Earlier this year, for the first time in history, the government of Britain appointed a minister for loneliness. Although not a medical condition, loneliness is starting to be described in such language, with descriptors such as “epidemic” and “public health crisis” bracketing the term. Large-scale studies have found that around ten percent of adults in Western nations experience chronic loneliness.
In a letter published this year in The Lancet, two neurologists from the University of Chicago asked readers to “imagine a condition that makes a person irritable, depressed, and self-centred, and is associated with a 26% increase in the risk of premature mortality.” They went on to explain that it is not a condition that only affects those with poor social skills, or those who are highly sheltered or introverted. Loneliness is not necessarily about being alone, either—we can feel isolated when surrounded by other people. Somewhat counter-intuitively, social skills training, social support and social contact have all been found to be ineffective as interventions for social disconnection.
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Drawing on the work of Durkheim, social psychologist Jonathan Haidt theorises that religious practices are best understood not as the outcome of a set of propositional beliefs (i.e. that “God exists” or “there is an afterlife”) but as the means by which our species creates cohesive moral communities. From a Durkheimian perspective, the individual comes into “moral harmony” with those with whom he shares religious customs. This harmony then provides us with a “perpetual sustenance of our moral nature.”
Our species is unique in that our social structures are highly varied and complex. Sometimes we can see remnants of our primate ancestors in how we organise ourselves: a military platoon might resemble a roaming band of male chimpanzees, or a hippie commune might resemble a bonobo social group, yet although we have many similarities with the other great apes, our ability to live in very large communities, such as cities, is vastly different. No other primate can do so. Our ability to engage in large scale cooperation is a miracle of evolution. The only other species that are capable of such social structures are specialised “eusocial” insects, i.e. bees, ants, and wasps, and even then, most of the insects are related to each other.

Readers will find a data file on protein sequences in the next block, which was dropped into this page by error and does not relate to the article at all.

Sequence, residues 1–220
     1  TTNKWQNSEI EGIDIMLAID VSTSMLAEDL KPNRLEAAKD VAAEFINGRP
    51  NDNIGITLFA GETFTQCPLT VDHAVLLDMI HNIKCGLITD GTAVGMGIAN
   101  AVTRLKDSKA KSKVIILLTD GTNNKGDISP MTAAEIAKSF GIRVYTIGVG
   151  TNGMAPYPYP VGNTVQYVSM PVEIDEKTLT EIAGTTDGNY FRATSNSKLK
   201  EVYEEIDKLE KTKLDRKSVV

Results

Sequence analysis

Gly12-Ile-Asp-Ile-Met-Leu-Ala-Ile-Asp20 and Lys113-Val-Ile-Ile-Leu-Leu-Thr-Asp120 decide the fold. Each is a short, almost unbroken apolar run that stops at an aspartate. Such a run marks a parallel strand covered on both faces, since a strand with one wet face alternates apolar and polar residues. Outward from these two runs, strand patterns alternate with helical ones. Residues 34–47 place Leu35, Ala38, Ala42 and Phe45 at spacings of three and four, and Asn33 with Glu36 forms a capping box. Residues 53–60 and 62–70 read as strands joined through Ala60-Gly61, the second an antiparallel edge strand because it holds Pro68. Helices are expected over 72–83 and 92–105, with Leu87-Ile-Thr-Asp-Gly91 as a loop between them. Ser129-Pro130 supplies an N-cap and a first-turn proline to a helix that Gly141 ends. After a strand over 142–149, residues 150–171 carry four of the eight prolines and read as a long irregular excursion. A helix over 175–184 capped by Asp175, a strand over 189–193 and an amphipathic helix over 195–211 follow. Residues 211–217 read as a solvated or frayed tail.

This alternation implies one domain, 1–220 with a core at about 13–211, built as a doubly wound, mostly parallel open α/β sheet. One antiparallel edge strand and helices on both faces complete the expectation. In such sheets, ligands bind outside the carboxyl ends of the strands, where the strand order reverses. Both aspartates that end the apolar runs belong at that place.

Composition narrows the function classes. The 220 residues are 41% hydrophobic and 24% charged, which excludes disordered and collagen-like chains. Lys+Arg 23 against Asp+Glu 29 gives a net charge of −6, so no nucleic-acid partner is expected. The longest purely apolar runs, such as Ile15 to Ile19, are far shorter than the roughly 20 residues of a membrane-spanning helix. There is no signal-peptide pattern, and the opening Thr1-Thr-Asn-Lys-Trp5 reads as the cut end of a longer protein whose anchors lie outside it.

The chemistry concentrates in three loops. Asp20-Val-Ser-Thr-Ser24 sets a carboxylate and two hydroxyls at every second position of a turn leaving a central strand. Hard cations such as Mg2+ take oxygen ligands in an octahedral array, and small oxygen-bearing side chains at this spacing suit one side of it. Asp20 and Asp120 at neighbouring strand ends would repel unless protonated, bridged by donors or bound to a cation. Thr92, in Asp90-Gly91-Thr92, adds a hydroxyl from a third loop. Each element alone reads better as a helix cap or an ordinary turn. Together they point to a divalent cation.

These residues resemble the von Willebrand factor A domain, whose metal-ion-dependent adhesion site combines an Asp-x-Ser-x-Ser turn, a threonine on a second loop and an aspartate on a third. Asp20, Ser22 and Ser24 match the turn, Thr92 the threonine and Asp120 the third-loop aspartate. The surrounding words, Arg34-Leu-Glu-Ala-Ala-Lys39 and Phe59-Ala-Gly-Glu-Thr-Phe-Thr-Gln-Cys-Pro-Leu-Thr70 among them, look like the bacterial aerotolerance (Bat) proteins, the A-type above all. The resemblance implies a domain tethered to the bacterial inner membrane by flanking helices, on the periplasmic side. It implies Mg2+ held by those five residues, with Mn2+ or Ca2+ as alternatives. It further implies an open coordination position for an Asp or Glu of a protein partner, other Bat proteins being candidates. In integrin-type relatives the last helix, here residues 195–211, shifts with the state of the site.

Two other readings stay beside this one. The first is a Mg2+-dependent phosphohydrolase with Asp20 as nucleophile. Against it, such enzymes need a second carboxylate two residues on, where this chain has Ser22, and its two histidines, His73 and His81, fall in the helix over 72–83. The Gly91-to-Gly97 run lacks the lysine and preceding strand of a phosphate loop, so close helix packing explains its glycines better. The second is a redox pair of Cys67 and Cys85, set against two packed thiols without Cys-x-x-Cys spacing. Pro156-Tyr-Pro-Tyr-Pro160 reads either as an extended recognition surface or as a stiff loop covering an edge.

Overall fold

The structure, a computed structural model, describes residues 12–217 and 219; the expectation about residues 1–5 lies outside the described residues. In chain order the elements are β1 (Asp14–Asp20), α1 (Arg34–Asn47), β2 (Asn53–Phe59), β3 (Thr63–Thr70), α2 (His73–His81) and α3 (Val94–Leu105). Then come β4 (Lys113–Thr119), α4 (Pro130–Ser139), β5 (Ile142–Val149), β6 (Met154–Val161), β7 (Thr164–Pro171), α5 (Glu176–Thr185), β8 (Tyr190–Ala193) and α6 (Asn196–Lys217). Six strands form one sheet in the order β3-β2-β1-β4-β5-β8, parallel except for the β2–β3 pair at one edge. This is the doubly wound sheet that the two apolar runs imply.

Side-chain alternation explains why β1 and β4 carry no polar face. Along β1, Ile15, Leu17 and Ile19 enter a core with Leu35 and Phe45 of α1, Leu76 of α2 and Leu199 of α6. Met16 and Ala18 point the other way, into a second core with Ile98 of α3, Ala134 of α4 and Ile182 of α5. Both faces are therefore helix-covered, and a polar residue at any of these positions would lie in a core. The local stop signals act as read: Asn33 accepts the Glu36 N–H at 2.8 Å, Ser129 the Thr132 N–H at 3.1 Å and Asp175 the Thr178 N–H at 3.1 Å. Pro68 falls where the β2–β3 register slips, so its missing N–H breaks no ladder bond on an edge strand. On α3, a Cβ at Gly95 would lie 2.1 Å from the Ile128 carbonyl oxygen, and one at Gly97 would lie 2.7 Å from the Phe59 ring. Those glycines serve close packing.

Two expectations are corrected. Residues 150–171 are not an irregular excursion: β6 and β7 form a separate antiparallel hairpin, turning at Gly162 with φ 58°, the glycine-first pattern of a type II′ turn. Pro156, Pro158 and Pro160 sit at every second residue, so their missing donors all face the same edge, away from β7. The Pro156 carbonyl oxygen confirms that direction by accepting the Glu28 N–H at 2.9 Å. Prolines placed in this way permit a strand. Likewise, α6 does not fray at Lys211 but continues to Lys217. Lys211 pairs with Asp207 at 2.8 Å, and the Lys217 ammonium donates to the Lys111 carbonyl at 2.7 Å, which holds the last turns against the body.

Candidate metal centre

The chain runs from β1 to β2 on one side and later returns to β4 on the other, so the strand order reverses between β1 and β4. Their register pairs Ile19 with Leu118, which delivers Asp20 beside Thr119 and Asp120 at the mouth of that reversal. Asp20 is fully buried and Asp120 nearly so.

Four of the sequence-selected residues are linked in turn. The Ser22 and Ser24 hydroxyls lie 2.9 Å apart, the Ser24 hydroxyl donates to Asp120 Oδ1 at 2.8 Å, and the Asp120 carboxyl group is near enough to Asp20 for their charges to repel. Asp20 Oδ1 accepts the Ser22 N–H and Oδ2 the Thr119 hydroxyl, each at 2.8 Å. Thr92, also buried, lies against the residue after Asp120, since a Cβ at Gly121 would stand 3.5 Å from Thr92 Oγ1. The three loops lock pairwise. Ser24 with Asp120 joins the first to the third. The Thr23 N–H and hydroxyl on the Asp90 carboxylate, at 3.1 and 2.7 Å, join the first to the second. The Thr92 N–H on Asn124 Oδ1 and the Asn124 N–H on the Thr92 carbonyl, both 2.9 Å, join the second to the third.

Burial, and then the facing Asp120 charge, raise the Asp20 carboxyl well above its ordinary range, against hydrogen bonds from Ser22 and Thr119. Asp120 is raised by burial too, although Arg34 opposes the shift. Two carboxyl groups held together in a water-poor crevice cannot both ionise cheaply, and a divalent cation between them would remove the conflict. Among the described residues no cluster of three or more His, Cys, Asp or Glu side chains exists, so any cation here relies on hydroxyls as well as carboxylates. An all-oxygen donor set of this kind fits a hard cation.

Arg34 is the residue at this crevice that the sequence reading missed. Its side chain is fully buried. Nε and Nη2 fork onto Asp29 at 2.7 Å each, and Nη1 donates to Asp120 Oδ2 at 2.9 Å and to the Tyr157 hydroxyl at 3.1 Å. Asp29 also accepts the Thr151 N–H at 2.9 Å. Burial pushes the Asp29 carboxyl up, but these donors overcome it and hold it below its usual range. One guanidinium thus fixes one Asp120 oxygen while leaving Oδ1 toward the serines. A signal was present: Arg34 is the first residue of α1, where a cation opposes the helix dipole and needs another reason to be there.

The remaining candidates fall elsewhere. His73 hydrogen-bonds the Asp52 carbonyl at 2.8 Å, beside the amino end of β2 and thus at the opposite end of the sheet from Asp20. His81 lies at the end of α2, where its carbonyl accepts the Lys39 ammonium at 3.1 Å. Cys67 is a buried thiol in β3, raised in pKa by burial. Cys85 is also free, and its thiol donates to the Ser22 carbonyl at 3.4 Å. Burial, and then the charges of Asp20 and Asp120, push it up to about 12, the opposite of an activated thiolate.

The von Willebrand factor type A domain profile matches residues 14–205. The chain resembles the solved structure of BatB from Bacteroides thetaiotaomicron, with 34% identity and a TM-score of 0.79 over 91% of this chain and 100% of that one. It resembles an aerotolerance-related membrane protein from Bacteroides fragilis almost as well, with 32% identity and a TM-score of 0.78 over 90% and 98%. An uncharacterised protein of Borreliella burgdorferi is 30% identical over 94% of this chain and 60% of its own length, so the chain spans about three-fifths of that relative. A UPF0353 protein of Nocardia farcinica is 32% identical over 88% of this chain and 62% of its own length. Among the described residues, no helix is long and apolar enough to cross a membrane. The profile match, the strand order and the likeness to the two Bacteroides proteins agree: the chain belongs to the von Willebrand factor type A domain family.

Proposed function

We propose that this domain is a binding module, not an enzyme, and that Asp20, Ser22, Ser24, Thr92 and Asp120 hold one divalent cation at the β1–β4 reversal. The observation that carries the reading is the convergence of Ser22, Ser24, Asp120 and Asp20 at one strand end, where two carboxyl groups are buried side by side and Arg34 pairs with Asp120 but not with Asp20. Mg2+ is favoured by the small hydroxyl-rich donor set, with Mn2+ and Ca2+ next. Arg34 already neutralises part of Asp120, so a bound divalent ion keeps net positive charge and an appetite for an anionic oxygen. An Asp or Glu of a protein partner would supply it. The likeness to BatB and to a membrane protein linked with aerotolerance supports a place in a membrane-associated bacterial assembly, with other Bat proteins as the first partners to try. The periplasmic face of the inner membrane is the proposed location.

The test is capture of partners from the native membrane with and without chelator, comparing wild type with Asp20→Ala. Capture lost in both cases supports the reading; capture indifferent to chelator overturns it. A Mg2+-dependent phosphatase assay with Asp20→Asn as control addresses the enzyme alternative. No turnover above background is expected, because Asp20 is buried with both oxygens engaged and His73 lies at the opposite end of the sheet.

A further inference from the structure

So how did we become the only primate that can cooperate, build communities, and ultimately build cities? Where did this capacity come from? Haidt’s hypothesis, drawing on Durkheim, is that it comes from our ability to bind together into social groups which have a shared vision–a shared morality. Imagine early humans dancing around a fire after a successful hunt. Or German pagans sitting beneath a fir tree to celebrate the winter solstice. Circling around a sacred object, early humans formed the bonds of trust that allowed them to trust each other, putting their welfare in the hands of one another, allowing for the development of the specialisation and division of labour that comes later to be known as civilisation.
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Long before the birth of Christ, pagans in Europe used trees in their festivals to mark the end of the first half of winter. The winter solstice marked a turning point. After the shortest day of the year had passed, it meant that the days would start to become progressively longer, and winter darkness would soon be replaced by light.